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Old 10-09-2018, 01:47 PM   #101
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Join Date: Aug 2011
Location: Near a big lake
Posts: 2,767

MX Linux is Debian-based.

Manjaro has Pacman for its package manager (the thing which allows you to download software), which is command line interface. I can't abide that. MX Linux has Synaptic Package Manager and MX Package Installer by default, which aren't the most intuitive but are still far better than any CLI-based package manager.

Honestly I'm surprised any distro can be called "user-friendly" (how Manjaro is referred to on its website) these days if its package manager is CLI. I know another package manager can be added, but still, come on. Anyone who's old enough (me included) and used "regular PCs" will remember leaving behind command line stuff as of Windows 95 (with the odd exception). I barely remember any DOS commands. As for new users, they're not going to appreciate CLI stuff either since most computers these days are as GUI-oriented as possible. Realistically speaking, most users won't find some very important aspects of an Arch-based distro such as Manjaro "user friendly". If they mean "programmers, and hardcore Linux nerds will consider Manjaro to be user friendly", fair enough.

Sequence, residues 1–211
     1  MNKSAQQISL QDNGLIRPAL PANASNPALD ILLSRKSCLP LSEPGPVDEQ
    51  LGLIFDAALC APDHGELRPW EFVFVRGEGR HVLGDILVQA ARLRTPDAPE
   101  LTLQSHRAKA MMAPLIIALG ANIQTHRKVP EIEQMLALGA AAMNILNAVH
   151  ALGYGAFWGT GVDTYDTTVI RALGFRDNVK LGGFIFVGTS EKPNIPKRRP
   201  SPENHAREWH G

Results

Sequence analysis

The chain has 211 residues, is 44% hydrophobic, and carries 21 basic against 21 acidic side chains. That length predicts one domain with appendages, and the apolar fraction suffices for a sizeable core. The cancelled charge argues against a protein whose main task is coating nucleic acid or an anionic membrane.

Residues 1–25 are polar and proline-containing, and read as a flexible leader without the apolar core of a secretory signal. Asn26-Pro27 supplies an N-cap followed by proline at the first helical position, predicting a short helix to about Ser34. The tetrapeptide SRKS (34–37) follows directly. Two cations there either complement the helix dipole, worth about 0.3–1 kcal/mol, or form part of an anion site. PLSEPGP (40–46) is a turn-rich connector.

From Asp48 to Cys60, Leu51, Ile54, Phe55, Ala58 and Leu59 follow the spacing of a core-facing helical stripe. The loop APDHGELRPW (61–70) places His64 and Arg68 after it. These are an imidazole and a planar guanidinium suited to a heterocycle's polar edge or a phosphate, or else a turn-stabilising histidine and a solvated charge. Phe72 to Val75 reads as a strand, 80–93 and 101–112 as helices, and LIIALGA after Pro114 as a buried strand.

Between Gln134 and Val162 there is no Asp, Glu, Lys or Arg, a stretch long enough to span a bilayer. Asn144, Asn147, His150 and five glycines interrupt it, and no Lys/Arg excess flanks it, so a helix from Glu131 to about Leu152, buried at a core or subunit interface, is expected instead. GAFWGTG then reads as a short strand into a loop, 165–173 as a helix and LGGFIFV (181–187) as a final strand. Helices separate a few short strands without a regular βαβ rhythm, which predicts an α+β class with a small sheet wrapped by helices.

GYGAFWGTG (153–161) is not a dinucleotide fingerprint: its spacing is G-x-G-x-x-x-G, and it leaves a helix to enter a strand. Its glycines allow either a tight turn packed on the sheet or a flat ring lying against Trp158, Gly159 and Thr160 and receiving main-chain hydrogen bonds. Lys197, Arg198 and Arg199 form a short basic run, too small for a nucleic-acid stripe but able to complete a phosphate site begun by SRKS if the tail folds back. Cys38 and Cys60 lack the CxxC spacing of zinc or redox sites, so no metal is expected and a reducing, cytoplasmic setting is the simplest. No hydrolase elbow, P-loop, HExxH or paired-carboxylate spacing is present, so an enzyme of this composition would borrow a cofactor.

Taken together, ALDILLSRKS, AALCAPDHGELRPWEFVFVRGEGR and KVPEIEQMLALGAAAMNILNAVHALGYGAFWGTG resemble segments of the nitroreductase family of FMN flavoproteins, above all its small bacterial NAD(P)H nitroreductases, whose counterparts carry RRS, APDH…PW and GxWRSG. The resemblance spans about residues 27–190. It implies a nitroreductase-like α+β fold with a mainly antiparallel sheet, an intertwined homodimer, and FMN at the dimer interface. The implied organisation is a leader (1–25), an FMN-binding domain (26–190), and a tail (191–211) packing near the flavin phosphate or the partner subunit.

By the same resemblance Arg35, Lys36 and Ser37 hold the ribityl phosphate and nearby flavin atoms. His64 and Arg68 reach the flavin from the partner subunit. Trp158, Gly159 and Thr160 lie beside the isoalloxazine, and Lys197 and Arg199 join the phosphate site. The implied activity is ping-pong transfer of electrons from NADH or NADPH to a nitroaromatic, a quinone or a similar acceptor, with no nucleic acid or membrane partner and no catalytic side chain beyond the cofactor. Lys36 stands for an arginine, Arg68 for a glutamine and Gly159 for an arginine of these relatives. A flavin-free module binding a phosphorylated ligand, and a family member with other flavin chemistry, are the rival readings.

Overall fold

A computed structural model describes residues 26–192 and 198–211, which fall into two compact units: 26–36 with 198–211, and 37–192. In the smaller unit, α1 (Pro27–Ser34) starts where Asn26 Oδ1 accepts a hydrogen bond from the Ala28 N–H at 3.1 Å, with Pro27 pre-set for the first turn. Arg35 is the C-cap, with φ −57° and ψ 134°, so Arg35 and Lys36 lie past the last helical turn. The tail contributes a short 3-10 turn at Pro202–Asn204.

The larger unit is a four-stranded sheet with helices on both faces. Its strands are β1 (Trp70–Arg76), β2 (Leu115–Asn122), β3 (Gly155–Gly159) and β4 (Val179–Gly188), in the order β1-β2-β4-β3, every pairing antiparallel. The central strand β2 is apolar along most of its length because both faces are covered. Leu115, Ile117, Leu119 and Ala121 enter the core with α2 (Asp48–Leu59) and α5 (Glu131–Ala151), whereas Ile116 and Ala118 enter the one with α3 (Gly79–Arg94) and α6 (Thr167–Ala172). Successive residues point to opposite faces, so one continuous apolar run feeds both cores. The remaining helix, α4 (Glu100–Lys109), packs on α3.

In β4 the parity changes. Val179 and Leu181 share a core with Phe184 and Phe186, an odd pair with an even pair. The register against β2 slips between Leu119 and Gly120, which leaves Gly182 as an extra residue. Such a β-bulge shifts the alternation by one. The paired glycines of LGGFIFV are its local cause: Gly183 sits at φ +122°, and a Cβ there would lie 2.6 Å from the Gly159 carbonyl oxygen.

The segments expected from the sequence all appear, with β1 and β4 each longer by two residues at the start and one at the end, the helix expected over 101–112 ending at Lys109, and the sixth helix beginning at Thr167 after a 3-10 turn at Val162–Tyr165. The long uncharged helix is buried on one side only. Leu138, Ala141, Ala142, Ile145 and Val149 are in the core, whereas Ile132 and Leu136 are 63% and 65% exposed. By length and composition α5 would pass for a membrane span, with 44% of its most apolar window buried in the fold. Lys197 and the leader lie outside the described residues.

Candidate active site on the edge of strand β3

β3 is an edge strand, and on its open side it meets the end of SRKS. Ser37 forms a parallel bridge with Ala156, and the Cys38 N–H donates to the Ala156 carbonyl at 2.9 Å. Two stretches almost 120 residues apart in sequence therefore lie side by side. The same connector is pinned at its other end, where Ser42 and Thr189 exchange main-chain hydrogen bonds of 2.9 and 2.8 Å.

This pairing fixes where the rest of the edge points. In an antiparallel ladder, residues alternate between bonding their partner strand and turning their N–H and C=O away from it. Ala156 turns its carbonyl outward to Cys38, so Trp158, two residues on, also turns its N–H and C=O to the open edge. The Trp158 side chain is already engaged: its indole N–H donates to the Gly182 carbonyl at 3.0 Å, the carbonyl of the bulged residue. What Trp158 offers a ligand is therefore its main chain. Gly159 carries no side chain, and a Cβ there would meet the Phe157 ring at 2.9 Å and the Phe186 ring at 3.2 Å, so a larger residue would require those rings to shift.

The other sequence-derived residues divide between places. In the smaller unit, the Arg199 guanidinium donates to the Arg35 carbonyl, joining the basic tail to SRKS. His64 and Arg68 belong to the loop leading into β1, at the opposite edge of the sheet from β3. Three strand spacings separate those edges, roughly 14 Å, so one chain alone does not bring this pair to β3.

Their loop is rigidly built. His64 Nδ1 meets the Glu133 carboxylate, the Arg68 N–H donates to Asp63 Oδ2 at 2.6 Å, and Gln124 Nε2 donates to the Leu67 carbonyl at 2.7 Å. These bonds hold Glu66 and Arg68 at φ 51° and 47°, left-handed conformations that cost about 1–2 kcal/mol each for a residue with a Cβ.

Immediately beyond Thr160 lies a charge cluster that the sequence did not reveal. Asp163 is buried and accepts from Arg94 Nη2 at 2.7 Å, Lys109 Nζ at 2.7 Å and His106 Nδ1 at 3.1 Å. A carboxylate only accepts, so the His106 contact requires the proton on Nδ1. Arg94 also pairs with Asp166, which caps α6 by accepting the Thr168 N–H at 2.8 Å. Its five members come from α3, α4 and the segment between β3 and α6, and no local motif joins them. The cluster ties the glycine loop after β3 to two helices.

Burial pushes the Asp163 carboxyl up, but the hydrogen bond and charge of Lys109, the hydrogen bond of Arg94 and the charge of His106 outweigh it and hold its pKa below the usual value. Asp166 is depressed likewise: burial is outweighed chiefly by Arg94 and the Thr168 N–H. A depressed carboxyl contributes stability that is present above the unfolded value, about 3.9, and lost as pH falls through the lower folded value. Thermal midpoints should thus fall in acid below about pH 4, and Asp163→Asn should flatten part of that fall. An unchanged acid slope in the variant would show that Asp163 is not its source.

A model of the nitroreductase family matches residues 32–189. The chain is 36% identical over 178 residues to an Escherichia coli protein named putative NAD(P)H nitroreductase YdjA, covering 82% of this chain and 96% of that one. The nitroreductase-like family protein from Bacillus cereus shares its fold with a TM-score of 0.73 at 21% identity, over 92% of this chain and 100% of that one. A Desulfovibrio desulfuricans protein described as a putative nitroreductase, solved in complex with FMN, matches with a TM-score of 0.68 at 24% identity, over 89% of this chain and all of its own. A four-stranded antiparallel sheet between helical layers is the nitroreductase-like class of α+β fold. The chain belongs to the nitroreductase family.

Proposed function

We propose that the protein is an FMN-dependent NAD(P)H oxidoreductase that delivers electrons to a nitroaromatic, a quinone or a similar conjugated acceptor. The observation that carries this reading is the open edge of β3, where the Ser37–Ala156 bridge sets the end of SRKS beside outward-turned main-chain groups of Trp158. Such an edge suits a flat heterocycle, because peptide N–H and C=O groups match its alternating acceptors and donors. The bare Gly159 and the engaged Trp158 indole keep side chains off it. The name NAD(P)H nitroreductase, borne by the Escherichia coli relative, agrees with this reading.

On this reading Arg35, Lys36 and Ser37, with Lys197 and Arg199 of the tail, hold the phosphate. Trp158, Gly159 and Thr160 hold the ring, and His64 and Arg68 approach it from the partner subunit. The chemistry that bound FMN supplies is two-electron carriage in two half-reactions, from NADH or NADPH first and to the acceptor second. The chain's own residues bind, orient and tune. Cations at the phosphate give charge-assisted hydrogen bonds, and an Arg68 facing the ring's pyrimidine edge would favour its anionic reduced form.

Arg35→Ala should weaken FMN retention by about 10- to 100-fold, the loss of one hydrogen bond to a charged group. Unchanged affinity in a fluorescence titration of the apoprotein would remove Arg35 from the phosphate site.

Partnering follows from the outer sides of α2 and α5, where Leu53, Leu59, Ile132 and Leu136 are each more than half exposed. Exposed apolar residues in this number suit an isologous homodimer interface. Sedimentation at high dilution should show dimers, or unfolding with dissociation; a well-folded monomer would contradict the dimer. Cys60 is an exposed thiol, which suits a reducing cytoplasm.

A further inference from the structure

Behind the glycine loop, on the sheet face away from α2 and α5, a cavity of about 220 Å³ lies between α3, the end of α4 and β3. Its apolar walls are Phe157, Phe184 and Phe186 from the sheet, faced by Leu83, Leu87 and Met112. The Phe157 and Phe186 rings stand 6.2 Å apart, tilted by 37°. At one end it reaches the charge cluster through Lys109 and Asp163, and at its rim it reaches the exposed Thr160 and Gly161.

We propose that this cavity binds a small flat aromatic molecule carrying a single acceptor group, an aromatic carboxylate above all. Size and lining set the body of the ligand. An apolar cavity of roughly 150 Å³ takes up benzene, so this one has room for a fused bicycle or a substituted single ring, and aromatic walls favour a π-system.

Also it seemed there was a wider variety of software repositories for Debian (MX Linux). That is unless you count the AUR with Manjaro (and they warn about possible issues when doing that).

There were a few other things I noticed about MX Linux that seemed more friendly, including the ability to make a custom ISO (for doing backup/restore).

Anyway in a video I'd seen about MX Linux versus Manjaro, someone commented this:

...even if [Manjaro] isn't Arch, is based on it...

So if you can't handle these situations it isn't for you:

- handling the .pacnew files;
- replacing library A by library B;
- fixing a blinking cursor;
- proceeding with a manual intervention before an update;
- understanding the change of permissions on certain directories/files;
- fixing warnings like a file already exists when an update aborts/fails;
- recompiling Perl/Python modules after a major upgrade of these languages;
- fixing the missing/invalid GPG keys;
- repopulating the keyring;
- solving conflicting dependencies.
So consider what sort of user you are, and what you need in terms of "user friendliness". I'm sure I could "deal with" Manjaro as well, but I don't want to bother with the extra work.
Using REAPER for Linux

Last edited by JamesPeters; 10-09-2018 at 01:57 PM.
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